Albert Schweitzer explored his ethical philosophy of reverence for life in numerous books, lectures and essays, but above all he conceived it as a practical philosophy. Our branches in the US & UK conduct initiatives that link education, ethics and voluntarism. Programs focus on lobbying against human rights abuses; motivating young people to serve the community, nature and the environment as a way of life; and increasing awareness of Dr Schweitzer's philosophy of reverence for life and its potential for a more peaceful and sustainable world.
For example, we are currently developing a research project that explores the relationship between public health and literacy in India. Pro-market policies for developing countries have long been based on the belief that increasing average income is key to improving public health and societal well-being. But new research on India published in the journal Social Science and Medicine shows that literacy - a non-income good - has a greater impact on public health in India.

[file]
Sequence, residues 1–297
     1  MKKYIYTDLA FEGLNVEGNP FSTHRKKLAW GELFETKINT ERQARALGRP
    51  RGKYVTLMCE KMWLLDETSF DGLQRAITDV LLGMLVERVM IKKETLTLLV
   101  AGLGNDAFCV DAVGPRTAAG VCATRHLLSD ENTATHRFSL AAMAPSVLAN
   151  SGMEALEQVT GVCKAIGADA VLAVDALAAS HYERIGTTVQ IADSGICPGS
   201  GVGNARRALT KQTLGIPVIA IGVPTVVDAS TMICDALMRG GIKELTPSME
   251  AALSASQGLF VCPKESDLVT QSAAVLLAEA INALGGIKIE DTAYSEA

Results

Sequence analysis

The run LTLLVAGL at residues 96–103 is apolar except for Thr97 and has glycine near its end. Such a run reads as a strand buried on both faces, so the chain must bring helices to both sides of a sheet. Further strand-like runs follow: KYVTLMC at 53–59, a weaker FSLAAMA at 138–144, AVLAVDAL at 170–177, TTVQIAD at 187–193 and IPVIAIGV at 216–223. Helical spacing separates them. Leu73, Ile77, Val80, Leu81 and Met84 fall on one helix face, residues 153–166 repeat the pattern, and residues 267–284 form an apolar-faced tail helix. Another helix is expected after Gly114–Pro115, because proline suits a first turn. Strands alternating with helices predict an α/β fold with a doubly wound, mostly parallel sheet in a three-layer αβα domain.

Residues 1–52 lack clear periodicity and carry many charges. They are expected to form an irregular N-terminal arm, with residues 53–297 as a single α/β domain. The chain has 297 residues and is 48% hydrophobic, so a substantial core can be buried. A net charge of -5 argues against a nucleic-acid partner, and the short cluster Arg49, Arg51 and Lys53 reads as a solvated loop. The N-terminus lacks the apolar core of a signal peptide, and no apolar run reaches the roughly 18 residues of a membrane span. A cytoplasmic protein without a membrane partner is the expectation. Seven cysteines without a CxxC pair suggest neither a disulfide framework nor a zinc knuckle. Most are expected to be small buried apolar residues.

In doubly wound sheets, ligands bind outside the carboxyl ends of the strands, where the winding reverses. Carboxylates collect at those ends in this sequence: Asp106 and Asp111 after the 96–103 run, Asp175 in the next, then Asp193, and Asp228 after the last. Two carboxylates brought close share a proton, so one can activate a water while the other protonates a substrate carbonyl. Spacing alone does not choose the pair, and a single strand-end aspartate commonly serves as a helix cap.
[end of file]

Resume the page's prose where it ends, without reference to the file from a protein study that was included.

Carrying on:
While we accept it is broadly true that “wealthier is healthier” across the roughly 500 districts in India’s major states, accounting for 95% of the total population, we are exploring the idea that poverty and, crucially, illiteracy are much stronger predictors of poor public health than low average income.
And the Schweitzer Institute is also working with the Campaign to Protect Afghanistan’s Musicians (ICFAM), a network of volunteers (academics, musicians, music educators and human rights professionals) who have been assisting Afghanistan’s musicians after the violent ban on music-making in the country following the Taliban’s take over in August 2021. We believe that “music is food for the soul” and that, in accordance with Article 27 of the Universal Declaration of Human Rights, all musicians and listeners of Afghanistan should be free to draw upon this precious spiritual and cultural resource without fear.
The initiative is co-ordinated by Dr Katherine Schofield, Senior Lecturer in South Asian Music and History, King’s College London, and Dr Cayenna Ponchione-Bailey, Director of Performance, St Catherine’s College, Oxford & Leverhulme ECF, University of Sheffield